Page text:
City employees, from left, Bernie Hamilton, Sammie Coleman, Jr., and Jeff Green fill potholes while traffic flies past them Wednesday on Anthony Wayne Trail. Rude, reckless drivers can be a frequent problem for rolling work zones.
They have names. Sammie. Bernie. Jeff.
They have families. Wives, children, grandchildren.
They have jobs to do. Patch, plow, patch, plow.
As they work, the Toledo city employees hear angry horns. Impatient drivers zoom past, ignoring cautionary blinking lights on the city vehicles.
Pothole patching crews motor along in their trucks at about 5 mph. They are on constant watch: for potholes, for safe places to park to do their work.
As Sammie Coleman, Jr., 46, drives a truck that pulls an orange hot box filled with black asphalt, his head swivels, checking for potential dangers.
In a nearby vehicle, driver Paul Cooper, 47, of Holland, a city maintenance worker, literally and physically has the patching crew’s back. He guards workers with the massive truck and his well-trained eyes.
Pothole. The trucks stop. The men spill out. Wearing neon green-yellow safety vests, the workers shovel asphalt into a pothole, one of many along the Anthony Wayne Trail.
In spite of Mr. Cooper’s truck pulled into position to protect workers, motorists fly past, kicking up loose stones and coming oh-so-close to the crew.
Some drivers, delayed for a few seconds in their travels, flip vulgar gestures and taunt with the honk in a huff. “It’s as though you are in their way,” said Mr. Coleman, a senior utility worker.
Crew members Jeff Green, 59, a senior utility worker, and Bernie Hamilton, 60, a maintenance worker, remark on the peculiar pothole pattern: People complain about potholes, then when patching crews are out and about, the people complain about the traffic situation.
“It’s kind of like they want us to fix the potholes when they’re asleep at night,” said Mr. Green.
That, however, would be a safety nightmare, said Rich Sorgenfrei, general foreman.
“It would be impossible to do this work at night,” Mr. Sorgenfrei said. “People drive even faster at night.”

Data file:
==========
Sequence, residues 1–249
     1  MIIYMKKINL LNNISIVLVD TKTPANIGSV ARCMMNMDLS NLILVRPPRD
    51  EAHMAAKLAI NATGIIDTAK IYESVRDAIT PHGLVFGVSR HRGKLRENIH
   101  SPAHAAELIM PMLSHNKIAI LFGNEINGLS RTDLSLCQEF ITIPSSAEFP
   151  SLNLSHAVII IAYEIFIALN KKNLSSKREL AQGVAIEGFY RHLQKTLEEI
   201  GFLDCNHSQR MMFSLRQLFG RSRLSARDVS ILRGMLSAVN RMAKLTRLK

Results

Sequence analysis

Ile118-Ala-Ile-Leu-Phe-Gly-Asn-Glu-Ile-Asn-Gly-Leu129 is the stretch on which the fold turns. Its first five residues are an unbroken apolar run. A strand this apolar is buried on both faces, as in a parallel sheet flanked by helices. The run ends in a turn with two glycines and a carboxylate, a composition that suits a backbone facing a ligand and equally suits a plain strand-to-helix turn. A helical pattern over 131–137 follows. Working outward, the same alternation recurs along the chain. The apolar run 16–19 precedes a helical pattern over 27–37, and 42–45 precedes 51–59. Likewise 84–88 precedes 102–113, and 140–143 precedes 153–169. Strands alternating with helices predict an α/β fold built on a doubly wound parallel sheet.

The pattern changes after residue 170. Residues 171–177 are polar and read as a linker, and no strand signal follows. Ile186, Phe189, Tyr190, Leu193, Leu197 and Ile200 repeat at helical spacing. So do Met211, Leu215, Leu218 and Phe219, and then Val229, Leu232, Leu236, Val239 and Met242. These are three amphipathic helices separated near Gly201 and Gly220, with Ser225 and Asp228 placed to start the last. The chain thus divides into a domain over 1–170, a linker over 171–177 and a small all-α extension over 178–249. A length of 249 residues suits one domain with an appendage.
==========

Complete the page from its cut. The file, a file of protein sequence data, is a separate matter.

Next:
On a recent morning, as the wind chill plummeted to 2 degrees, whiz-by traffic was close enough at times to make your safety vest — and heart — flutter.
“See what we’re up against?” Mr. Green asked.
Not all drivers are rude and reckless in the rolling work zones. When a motorist slows down to say thanks, the crew beams with appreciation.
Mr. Hamilton made a plea to motorists.
“Please, please, tell the public to slow down,” Mr. Hamilton said. “We’re a rolling work zone. There is no way we can be safe all the time when people drive like they do, like we’re in their way. So please slow down so you don’t run by the crews so fast and kill someone.”
Added Mr. Green: “Anytime you see the city lights flashing on a vehicle, respect those flashing lights.”
Motorists want potholes fixed. Now. They want snow plowed. Now.
“They need to give us room and respect so we can do the job. We’re working to make the roads safer for them,” Mr. Green said.
Two trucks filled with road salt pass the crew as it patches potholes along an outbound lane of the Anthony Wayne Trail.
More snow on the way, the workers say.
Mr. Coleman glances up. He thanks and praises the Good Lord for this winter, heavy on snow and overtime.
“I have been praying and praying for a winter like this. God answers your prayers, but on His time, not on yours. I hope March is just like January,” Mr. Coleman said.
He brakes to a stop. Another pothole.
“It’s like a Band-Aid, that’s all we’re doing is a Band-Aid because of the freeze-thaw,” Mr. Coleman said.
Snow falls; temperatures warm. Snow melts, settling into asphalt. Temperatures fall. Heave-ho. Up pops the patch work.
“The is the worst I’ve ever seen it along the Anthony Wayne Trail,” said Mr. Coleman, who logs the crew’s time, miles, restroom stops, and lunch breaks.
Another pothole. Workers shovel asphalt from the hot box. Warmed by a kerosene-fired burner, the asphalt emits steam. Then, like a pastry chef icing a cake with a spatula, a worker glides a shovel across the black mass to smooth it out.
No need to tamp the patch until muscles ache. Traffic packs down the asphalt.
Just then, a driver blows past, tossing an agitated look at the patching crew.
“They’re mad we’re in their way. They’re mad when they hit a pothole. They won’t slow down,” Mr. Hamilton said.
Consider, too, it’s no picnic patching potholes in frigid weather. The workers dress in layers. Long johns. Sweatpants. Insulated pants. Sweatshirts. Hats. Gloves. Heavy work boots.
But the cold seeps in.
“We try not to stay out too long,” Mr. Coleman said.
These workers are experienced, professional. They are dedicated. To their jobs. To the safety of the public.
They talk about “bad” drivers not to complain, but to underline safety concerns. They like their work, and they want the public to know that what they do — in spring, summer, fall, and winter — makes the city safer.
And the workers were willing to share the workload ... if only for a few moments. They let me fill a pothole. It’s a lot of work. Hard work.
As I rode in the truck and shoveled asphalt, I learned much. Not only about what they do and who they are, but about why these workers deserve respect.
Show respect for the workers. Slow down, save a life.
They have names. They have families. They have jobs to do.
Contact Janet Romaker at: firstname.lastname@example.org or 419-724-6006.